Franchise Spotlight: Children’s Education

Find out more about Children's Education franchises!

Additional education is a hot topic for discussion, leading to a range of franchised businesses being set up to aid parents who want their kids to have more than just the traditional schooling.

The escalation in these out-of-school tutoring franchises has become a booming British industry. Education blog EdPlace reports that British parents spend £6bn a year on private lessons for their children.

This growth has happened as secondary education has changed. Schools are now ever more selective about which children they take on - leading to franchisees being hired to help children pass entrance exams.


The growth is also, in part, due to the desire that so many people to work in education. Children's education is a sector that offers an intellectually stimulating career and a dependable source of income - and clients are drawn to the franchise network, which is often less expensive than using private tutors.

Tutoring suits the franchising arena as the opportunities can provide a fulfilling full-time career or a flexible way to earn money in franchisees’ spare time. Where private tutoring suits those with a speciality, children's education franchise opportunities are able to provide training, therefore rarely requiring formal teaching experience. 

A final reason for the explosion in children's education franchises is that education lends itself to the online world – melding face-to-face sessions with online support. Computer packages are now sophisticated enough to let tutors and tutees work on projects or learning games at the same time, and the rise of social media allows franchisees to advertise their services to a targeted parental market.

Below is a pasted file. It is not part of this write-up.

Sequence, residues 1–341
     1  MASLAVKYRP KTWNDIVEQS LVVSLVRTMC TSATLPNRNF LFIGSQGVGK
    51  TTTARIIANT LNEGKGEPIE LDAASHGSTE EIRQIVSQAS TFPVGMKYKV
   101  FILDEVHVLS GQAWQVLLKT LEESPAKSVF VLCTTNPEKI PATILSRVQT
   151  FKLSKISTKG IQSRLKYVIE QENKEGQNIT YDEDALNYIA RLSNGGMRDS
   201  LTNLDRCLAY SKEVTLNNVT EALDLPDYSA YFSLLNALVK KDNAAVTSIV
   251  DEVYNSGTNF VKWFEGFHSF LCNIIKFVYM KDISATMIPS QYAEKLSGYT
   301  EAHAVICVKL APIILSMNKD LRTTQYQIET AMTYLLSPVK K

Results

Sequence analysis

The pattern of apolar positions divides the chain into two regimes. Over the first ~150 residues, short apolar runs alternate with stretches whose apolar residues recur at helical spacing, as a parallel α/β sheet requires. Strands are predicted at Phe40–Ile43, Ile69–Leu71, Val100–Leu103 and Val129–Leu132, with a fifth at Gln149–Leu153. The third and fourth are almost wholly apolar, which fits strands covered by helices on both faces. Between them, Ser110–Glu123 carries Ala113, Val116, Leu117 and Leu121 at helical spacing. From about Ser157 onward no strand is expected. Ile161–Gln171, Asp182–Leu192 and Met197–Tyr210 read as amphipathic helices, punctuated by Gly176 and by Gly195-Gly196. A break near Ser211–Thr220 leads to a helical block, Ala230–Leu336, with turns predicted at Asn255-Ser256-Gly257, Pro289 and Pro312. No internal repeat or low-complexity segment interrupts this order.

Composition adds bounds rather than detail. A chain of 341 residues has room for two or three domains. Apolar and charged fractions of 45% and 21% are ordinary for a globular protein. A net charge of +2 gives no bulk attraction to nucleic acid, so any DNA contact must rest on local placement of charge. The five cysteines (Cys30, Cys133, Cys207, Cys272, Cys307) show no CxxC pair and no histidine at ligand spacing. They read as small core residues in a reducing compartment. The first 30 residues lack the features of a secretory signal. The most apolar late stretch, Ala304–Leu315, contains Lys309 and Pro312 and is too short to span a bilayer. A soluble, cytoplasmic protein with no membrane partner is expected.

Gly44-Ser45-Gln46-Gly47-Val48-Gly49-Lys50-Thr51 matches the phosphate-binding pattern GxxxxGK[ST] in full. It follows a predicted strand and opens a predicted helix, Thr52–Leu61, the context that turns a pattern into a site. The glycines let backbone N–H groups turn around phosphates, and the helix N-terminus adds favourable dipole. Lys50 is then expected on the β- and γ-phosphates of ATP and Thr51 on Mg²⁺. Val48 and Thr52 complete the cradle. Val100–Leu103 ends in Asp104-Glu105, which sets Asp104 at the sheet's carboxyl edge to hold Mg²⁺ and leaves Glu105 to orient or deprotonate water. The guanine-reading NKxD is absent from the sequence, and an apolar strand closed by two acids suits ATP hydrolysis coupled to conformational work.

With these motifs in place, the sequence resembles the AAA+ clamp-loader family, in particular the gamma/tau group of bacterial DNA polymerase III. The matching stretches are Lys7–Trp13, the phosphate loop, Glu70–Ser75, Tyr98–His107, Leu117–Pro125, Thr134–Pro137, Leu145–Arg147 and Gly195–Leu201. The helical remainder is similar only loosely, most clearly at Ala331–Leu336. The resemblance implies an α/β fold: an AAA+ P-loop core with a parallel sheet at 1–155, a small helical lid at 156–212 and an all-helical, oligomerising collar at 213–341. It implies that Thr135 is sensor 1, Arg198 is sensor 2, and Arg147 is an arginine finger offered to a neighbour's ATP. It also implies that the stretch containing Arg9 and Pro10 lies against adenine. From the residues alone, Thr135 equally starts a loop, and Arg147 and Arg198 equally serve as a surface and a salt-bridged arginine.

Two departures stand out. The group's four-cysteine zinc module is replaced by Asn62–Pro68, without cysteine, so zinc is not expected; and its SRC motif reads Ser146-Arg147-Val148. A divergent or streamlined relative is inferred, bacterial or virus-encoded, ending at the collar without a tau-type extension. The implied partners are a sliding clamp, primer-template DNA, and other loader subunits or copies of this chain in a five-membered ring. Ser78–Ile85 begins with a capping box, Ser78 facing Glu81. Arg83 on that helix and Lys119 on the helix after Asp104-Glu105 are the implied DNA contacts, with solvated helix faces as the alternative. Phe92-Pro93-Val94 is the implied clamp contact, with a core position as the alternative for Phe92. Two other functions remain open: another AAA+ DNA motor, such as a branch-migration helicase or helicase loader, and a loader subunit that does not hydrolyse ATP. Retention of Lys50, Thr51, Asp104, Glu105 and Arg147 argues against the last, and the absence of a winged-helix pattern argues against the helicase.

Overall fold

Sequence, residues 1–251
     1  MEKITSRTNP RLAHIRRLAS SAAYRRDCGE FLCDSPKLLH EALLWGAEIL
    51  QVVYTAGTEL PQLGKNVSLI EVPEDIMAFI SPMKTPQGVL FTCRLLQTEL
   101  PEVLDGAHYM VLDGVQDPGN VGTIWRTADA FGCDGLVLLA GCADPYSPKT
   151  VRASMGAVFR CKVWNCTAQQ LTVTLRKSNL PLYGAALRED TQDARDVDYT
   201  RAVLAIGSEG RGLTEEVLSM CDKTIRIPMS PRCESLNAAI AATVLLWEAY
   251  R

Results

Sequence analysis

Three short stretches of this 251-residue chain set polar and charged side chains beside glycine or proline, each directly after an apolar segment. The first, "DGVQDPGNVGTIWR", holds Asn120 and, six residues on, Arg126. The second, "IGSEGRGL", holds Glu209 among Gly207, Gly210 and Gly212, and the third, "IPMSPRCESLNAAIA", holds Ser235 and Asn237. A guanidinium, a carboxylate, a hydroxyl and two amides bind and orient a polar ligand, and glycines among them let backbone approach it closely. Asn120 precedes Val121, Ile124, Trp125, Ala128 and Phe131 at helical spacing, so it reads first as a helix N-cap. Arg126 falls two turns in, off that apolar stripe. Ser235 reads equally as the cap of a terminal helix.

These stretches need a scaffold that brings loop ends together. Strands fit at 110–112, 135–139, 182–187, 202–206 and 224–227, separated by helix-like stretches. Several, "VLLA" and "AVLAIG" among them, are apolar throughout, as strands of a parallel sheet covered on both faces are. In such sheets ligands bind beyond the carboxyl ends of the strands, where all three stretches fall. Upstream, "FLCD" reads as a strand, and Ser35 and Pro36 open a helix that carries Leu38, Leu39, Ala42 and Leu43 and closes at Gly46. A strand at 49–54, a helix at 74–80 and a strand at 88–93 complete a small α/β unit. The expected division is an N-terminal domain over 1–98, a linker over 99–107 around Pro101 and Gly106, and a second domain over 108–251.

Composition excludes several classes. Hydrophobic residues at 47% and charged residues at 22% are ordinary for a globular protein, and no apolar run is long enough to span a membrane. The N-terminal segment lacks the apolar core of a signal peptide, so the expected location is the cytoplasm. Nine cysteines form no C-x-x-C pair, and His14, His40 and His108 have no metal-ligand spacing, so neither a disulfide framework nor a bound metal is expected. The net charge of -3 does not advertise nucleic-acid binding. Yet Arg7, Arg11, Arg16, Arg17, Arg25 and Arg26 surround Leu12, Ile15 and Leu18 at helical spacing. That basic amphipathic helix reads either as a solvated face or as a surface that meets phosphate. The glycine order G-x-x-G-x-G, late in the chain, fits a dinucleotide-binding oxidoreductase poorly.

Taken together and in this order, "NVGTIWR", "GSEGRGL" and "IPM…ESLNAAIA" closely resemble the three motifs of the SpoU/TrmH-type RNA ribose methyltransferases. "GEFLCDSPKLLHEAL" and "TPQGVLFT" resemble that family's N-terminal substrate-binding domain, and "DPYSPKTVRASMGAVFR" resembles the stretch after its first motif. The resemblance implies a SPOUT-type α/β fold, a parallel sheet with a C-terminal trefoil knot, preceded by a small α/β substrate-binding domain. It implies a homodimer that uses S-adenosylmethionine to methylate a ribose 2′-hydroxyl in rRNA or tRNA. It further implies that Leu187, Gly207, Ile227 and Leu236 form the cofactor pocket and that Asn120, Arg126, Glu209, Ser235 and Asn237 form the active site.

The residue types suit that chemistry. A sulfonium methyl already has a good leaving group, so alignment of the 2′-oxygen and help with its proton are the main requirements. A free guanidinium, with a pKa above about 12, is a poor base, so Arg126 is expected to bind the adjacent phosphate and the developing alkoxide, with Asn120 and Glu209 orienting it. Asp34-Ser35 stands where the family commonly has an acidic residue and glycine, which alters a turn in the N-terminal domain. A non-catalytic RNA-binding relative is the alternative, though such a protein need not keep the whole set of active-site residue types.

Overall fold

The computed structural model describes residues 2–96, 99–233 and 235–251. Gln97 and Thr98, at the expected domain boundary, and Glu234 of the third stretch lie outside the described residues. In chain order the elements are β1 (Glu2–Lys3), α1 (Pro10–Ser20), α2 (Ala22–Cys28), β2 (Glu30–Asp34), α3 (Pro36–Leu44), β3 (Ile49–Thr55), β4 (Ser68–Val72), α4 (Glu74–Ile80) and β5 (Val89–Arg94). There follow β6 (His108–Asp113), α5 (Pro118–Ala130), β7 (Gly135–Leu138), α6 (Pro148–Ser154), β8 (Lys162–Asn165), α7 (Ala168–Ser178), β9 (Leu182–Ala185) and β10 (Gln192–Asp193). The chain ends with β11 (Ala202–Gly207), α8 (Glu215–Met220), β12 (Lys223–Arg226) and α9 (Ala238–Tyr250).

Types of education franchises

Some children's education franchises are structured as tutoring services that focus on franchisees running tuition centre franchises in the private tutor mould, such as those provided by Tutor Doctor. Franchisees focus on improving core school subjects such as Maths and English and are for children already in formal education, from age four up to GCSE level at 16. 

Working with precisely-created educational programmes, franchisees are able to meet individual child needs. With this type of children's education franchise, franchisees and their staff are seen as ‘mentors’ running after-school workshops created in line with the National Curriculum comprising written tasks and hands-on games. 


Franchisors will guide new franchisees through set up of their own tuition centres, helping establish a

business and providing continued support. Importantly, the franchisor provides new franchisees with both know-how and the materials required. 

There are other types of children's education franchises that are structured differently to this. These types of franchises were created as a result of the diversification of education to help teach younger children in a more play-oriented way.

With formal education now starting at an earlier stage and parents wanting to provide activities for their kids' free time, a variety of franchise concepts have been designed to meet these needs.

This approach to widening education in the arts is taken by The Creation Station – where children aged four to ten are taught by franchise owners about how to utilise crafting and drawing. Similarly, the Weeny Boppers franchise is designed to teach music and movement classes for babies, toddlers and children at weekly preschool sessions.

Budding franchisees with a passion for education and good business sense should jump at the opportunity to work in this sector. It is one that offers a truly rewarding work life, a great work/ life balance and plenty of opportunity in an expanding market!

Joshua Antoniou

About the author

Joshua Antoniou is now Global Account Executive having started at Dynamis in the Customer Service department. He also writes for &